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West Nile issue: to spray or not?

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Last Thursday about 6:30 a.m, as many villagers still slept, a Greene County Combined Health District truck rolled slowly through a neighborhood in southern Yellow Springs spraying a fine mist of insecticides. The chemical fog hung in the air for about 20 minutes, engulfing and killing any adult mosquitoes and similar-sized airborne insects.

The county’s effort, part of a mosquito control agreement with the Village, is aimed at culling the neighborhood’s mosquito population since a test the previous week revealed that mosquitoes on Southgate Avenue carried West Nile virus. The county health district decided to spray the surrounding area to lessen the chance that any person will contract West Nile virus, a potentially serious disease that can lead in less than one percent of the cases to inflammation of the brain and spinal cord, paralysis and death.

Further spraying in the village may be on the horizon. Three additional mosquito traps were set last week farther south on Southgate Avenue as well as on nearby Orton Road and on Dayton Street. Results are pending, but any positive test result could lead to more local insecticide applications in both the air and in free-standing water. In the mean time, some villagers have expressed concern about the health and environmental impacts of pesticides while county and state health officials defended their use.

“I think it’s crazy to spray because of how few [mosquitoes] they’ve found, and just because a mosquito is carrying it doesn’t mean you’re going to get it,” said Vickie Hennessy of Green Environmental Coalition this week. Only one mosquito in a pool of 50 needs to carry the disease for the test to be positive, and the odds that anyone would be bitten by that mosquito is low, she said.

Dr. Richard Gary, a state public health entomologist with the Ohio Department of Health contends that spraying is important to keep mosquito populations that carry the disease at bay, that the insecticides are relatively safe and that West Nile is a disease with potentially serious consequences for those infected.

“For the people that get this disease it can be devastating,” he said. While 80 percent of people who contract the disease through a mosquito bite experience no symptoms, about 20 percent of those infected get a fever, headache, body aches, skin rash and swollen lymph glands, according to a Greene County brochure. About 1 in 150 cases can result in high fever, stiff neck, disorientation, coma, tremors, paralysis and death. These severe cases are most common among those over 50 or with compromised immune systems and resulted in death about 3 to 15 percent of the time, according to the U.S. Centers for Disease Control and Prevention.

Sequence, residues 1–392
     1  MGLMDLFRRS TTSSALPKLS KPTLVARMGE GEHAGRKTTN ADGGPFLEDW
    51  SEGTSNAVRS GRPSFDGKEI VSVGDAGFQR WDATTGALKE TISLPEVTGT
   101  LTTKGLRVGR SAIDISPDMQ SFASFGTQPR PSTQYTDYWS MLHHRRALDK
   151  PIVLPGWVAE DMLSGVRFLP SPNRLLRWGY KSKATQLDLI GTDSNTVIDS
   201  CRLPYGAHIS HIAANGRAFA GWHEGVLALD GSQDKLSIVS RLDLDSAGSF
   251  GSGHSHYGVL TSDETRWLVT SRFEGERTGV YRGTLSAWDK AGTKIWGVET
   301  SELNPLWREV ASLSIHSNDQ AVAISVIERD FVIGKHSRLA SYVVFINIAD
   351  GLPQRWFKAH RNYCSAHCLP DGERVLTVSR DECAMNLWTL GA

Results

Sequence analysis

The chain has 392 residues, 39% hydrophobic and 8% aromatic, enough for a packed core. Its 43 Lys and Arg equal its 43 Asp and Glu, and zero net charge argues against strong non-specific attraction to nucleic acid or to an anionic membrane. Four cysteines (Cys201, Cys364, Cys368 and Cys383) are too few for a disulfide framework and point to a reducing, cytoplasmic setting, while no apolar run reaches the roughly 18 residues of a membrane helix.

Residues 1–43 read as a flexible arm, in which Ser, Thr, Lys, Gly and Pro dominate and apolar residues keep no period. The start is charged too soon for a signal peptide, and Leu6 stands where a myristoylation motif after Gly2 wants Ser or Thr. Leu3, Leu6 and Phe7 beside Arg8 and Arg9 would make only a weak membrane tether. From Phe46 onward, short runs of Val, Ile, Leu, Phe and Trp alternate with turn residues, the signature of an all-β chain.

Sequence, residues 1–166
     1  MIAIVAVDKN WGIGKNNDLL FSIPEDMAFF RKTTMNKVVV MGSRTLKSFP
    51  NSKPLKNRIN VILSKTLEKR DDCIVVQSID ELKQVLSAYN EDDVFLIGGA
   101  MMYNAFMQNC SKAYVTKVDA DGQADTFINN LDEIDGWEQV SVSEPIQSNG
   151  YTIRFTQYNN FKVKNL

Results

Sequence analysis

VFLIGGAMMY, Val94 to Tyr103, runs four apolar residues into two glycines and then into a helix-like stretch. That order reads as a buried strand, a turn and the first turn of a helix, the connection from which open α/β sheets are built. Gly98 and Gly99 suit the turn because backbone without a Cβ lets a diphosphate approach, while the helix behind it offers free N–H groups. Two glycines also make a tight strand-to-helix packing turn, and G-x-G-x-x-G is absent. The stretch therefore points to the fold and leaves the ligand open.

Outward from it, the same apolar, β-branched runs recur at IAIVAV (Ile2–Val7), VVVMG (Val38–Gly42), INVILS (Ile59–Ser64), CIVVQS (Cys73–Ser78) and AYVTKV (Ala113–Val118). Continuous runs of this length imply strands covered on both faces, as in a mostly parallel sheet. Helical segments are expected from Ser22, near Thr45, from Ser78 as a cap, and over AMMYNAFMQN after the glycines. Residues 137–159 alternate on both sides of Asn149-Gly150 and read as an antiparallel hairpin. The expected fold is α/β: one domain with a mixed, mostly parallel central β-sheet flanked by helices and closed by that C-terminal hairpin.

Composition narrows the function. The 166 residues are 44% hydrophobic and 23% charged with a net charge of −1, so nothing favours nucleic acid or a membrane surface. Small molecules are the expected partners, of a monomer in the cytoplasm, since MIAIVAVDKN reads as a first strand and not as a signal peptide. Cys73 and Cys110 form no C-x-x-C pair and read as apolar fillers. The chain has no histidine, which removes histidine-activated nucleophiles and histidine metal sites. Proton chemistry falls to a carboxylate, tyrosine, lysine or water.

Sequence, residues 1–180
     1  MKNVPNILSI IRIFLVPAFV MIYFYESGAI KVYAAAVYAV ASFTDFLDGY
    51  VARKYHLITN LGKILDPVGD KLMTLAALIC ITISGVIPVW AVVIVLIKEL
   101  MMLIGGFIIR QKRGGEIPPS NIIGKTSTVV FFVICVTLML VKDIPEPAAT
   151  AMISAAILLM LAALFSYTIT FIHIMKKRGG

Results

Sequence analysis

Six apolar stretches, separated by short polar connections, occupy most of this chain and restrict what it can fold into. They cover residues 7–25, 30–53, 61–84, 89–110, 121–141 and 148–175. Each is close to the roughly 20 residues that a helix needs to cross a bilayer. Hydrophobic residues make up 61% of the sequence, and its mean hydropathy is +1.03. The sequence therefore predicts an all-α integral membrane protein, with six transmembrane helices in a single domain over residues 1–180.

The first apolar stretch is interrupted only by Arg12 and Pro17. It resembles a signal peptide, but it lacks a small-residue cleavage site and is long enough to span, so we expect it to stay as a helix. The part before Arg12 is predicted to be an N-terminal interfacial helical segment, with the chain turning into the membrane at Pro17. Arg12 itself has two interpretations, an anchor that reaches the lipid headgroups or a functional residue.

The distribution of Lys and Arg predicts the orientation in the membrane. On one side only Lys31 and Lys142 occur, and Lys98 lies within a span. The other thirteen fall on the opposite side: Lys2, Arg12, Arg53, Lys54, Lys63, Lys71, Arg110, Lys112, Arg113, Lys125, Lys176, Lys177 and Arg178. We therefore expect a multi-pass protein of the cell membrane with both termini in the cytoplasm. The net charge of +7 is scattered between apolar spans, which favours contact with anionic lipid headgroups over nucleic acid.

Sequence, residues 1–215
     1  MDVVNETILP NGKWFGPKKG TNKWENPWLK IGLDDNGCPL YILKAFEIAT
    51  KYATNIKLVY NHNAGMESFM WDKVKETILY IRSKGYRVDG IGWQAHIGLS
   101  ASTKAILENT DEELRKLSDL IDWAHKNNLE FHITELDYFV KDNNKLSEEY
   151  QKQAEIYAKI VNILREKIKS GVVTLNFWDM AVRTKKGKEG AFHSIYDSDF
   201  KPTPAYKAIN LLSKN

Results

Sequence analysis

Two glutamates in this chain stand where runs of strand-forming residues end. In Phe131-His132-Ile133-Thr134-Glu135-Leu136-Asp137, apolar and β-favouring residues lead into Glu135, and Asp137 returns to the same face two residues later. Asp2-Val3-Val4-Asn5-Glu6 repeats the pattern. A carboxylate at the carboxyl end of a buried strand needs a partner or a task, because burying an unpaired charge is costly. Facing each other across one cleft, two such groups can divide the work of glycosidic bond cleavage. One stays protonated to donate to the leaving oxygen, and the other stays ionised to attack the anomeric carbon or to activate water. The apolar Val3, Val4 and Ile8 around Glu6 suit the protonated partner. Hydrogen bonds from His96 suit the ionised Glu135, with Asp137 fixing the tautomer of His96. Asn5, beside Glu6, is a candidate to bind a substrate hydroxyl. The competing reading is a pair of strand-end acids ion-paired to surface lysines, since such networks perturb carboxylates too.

This year Ohio — and the U.S. — is seeing much more West Nile virus activity than usual, likely because of a hot, dry summer, according to the Ohio Department of Health. Statewide there have been 15 human cases of West Nile virus reported this year, including one each in Miami, Montgomery and Clark counties, but no fatalities. By comparison, at the end of last year there were 21 total cases in Ohio and one death. And during 2002, in the state’s worst outbreak since the disease was first detected in the U.S. in 1999, there were 441 cases and 31 deaths.

Since Yellow Springs became the first location in the county to test positive for West Nile virus last week, mosquito tests in Bellbrook and Beavercreek have also come back positive, according to the county health district. Greene County is one of 13 counties in Ohio to have mosquitoes test positive for West Nile.

West Nile on the rise

The primary culprit behind the West Nile virus is the Culex mosquito, especially Culex pipiens, the common household mosquito. The disease can also be spread by other species, including Aedes albopictus, the Asian Tiger mosquito, an invasive species that only breeds in small, usually man-made, containers and is active during the day. Mosquitoes require stagnant pools of water to reproduce, and can do so in as little as a bottlecap of water. Old tires, swimming pool covers, flowerpots, bird baths, buckets, rain gutters and catch basins are common breeding spots in suburban areas, according to the U.S. Centers for Disease Control and Prevention.